Igor Kromin |   Consultant. Coder. Blogger. Tinkerer. Gamer.

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I've written earlier about adding basic HTTP authentication to a web service. That example forced the user of the web service to authenticate using basic authentication before a request would be served, however the username and password in this case are prone to sniffing and can be retrieved with relative ease. This is easily addressed by setting up your deployment so that WebLogic forces the use of HTTPS/SSL URLs web making requests.

Making this change is almost trivial. Simply change the transport-guarantee element of your web.xml file. There are three possible values for this, NONE, INTEGRAL and CONFIDENTIAL. Both of the latter force SSL.

Here's more information from WebLogic documentation:
Specifies data security requirements for communications between the client and the server.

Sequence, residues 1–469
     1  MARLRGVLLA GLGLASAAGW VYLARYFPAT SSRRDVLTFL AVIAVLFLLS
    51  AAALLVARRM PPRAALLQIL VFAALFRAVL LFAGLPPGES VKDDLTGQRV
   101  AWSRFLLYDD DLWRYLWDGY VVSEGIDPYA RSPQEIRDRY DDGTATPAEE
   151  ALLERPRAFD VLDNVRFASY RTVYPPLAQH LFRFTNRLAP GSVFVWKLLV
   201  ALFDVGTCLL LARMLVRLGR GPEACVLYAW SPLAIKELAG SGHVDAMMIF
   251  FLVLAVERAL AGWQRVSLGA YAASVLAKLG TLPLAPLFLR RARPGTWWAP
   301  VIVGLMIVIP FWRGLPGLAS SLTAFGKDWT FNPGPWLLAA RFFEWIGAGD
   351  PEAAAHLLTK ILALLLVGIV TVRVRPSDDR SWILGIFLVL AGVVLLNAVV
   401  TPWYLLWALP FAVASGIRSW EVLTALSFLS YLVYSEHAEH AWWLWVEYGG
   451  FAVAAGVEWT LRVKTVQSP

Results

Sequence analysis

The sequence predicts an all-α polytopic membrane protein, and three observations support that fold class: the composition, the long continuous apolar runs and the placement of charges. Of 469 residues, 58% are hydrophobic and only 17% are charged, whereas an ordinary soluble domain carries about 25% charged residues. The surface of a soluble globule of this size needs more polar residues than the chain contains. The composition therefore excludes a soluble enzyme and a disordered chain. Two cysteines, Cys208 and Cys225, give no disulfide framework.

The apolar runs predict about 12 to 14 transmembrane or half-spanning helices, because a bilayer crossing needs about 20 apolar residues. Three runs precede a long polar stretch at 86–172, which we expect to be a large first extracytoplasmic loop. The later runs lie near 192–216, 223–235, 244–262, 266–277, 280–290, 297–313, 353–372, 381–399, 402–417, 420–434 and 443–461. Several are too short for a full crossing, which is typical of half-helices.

Range of values:

NONE—The application does not require any transport guarantees.

INTEGRAL—The application requires that the data be sent between the client and server in such a way that it cannot be changed in transit.

CONFIDENTIAL—The application requires that data be transmitted so as to prevent other entities from observing the contents of the transmission.

WebLogic Server establishes a Secure Sockets Layer (SSL) connection when the user is authenticated using the INTEGRAL or CONFIDENTIAL transport guarantee.


In my case, I change the web.xml to something like this:
 web.xml
...
<user-data-constraint>
<description>The application requires that the data be sent between the client and server in such a way that it cannot be changed in transit.</description>
<transport-guarantee>INTEGRAL</transport-guarantee>
</user-data-constraint>
...




Now even when using basic authentication, since SSL is used, the username and password will be encrypted. It is still possible to send a request to the non-SSL URL for the web service however. In this case, WebLogic will respond with the testing page instead of forwarding the request to the web service.
wlssectestpage.png


-i

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